Last March, the COVID-19 pandemic first turned many things upside down, and one of those things was the housing market. The market became influenced by stay-at-home orders, financial uncertainties, and new flexibilities with remote work. Now, almost a year and a half later, the market is still being affected.
Whether you jumped on the home buying or selling train, or are still considering it, read on to learn three of the ways that the ongoing pandemic has affected the real estate market, and the trends we expect to see with each as this year closes out.
Current trend: Decrease in housing inventory
The housing market has been referred to as a seller’s market for a reason. That’s because when the pandemic began, the number of homes for sale decreased. This was due to many things, Realtor.com noting that one of these being that those prospective sellers were hesitant to put their homes on the market to prevent the risk of contracting COVID-19. With fewer homes for sale but eager buyers remaining, sellers have had control and power with their listing prices.
What we expect: Increase in housing inventory
While the housing market will remain competitive, those sellers who were reluctant to list before will be more ready to list. According to Forbes, new listings are already up 36% from where they were this time last year, and the total active inventory showed a smaller decline for the first time since last November. Realtor.com elaborates on this citing that there were 2.6 months of housing inventory for sale this past June, which is a significant step up from where it was back in January. More homes are expected to continue going up for sale during the second half of the year.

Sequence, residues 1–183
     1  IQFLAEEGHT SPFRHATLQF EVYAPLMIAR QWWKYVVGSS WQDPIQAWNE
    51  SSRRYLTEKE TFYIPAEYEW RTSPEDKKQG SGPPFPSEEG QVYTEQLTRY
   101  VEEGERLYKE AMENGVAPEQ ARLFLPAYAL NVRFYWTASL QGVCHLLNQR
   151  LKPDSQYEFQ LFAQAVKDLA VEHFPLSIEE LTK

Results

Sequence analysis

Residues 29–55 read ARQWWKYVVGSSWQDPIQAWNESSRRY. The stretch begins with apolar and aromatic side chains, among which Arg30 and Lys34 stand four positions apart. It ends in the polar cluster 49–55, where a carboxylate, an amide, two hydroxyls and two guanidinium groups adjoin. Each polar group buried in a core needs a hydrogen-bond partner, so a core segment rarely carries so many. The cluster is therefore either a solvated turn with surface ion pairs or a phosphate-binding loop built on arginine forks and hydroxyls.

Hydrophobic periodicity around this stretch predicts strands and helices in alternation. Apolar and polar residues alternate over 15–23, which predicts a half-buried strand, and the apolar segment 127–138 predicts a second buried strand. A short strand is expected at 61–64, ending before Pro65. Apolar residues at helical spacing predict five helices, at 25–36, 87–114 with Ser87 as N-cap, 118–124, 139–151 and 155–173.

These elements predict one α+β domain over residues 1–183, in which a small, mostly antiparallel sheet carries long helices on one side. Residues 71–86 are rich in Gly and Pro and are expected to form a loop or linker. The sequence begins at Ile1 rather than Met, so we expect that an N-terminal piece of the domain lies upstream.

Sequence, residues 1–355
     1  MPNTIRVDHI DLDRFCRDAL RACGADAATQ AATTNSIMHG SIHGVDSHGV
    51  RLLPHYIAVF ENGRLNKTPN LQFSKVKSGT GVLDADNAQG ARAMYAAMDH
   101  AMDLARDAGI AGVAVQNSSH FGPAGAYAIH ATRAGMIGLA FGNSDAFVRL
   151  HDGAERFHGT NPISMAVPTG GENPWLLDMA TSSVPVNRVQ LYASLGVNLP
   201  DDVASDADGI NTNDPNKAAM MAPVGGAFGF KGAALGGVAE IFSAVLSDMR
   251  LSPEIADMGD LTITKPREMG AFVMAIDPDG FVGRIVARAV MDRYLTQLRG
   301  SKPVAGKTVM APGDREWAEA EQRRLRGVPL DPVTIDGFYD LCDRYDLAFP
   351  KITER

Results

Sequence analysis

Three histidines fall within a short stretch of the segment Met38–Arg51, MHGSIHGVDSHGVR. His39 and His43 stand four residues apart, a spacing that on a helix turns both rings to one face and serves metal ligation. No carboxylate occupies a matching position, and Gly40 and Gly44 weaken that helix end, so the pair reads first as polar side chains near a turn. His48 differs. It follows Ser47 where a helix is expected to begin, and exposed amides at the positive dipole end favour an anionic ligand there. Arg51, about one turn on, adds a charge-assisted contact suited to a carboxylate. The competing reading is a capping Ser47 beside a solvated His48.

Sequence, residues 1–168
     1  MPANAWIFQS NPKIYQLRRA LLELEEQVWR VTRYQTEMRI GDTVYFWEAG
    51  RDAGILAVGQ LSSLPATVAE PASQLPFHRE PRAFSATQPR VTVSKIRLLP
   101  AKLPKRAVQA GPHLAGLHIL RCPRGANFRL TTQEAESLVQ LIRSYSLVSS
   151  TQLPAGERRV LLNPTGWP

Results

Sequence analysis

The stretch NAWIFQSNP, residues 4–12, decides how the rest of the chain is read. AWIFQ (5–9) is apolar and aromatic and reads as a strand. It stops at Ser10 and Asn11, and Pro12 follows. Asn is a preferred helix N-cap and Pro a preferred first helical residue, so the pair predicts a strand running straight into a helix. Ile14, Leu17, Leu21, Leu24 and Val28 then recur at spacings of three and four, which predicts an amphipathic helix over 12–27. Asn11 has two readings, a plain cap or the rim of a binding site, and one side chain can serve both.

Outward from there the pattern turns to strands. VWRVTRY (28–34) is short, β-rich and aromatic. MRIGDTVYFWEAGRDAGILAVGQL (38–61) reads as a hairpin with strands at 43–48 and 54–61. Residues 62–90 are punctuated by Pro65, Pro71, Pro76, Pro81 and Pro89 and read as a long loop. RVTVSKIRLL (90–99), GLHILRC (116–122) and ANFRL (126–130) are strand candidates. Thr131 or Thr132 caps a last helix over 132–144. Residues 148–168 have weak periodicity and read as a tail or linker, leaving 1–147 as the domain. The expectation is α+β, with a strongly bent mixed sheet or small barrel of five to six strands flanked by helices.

Current trend: Higher mortgage rates for buyers
Due to the seller’s market, if you were a prospective buyer, chances were that you were hit with a higher mortgage rate. CNBC notes that in June, mortgage rates spiked to about a quarter of a percentage point during the month. This increase in mortgage rates is, unfortunately, a trend that prospective buyers have become accustomed to.
What we expect: Lower mortgage rates for buyers
With the delta variant, mortgage rates have already begun to drop, dropping to an all-time average low of 2.87% for a 30-year fixed-rate loan this past August. One reason for this is that investors often take their money out of the stock market when they get worried about the economy, and instead put it towards mortgage bonds, which is a safer investment. With lower rates, buyers become more financially able to afford a home. The one downside to this is that lower rates can drive more buyers, which can lead to a continued competitive market.
Current trend: Increase in home prices
Back in April 2020, the median home sale price in the US increased 4.7% compared to the year prior, according to Redfin. The pandemic has caused 35 consecutive weeks of double-digit price growth due to the increased demand and low supply, and this steady increase has become a trend that prospective buyers are used to.
What we expect: Home prices may still increase but will increase more slowly
While prices are still increasing, they are increasing at a much slower rate year over year. Back in August, while there was an all-time national high of $385,000 for the median home listing price, this was significantly less than what the annual rise previously had been. As the end of the year approaches, analysts believe that the percentage increase in listing prices will be much more modest.
Whether you’re looking for a new home or looking to sell your property, Lantern Real Estate Group can work with you. Our team is always up to date on the current market trends and will help you navigate your home buying, or home selling, journey.
Visit Lantern Real Estate Group to chat with us today!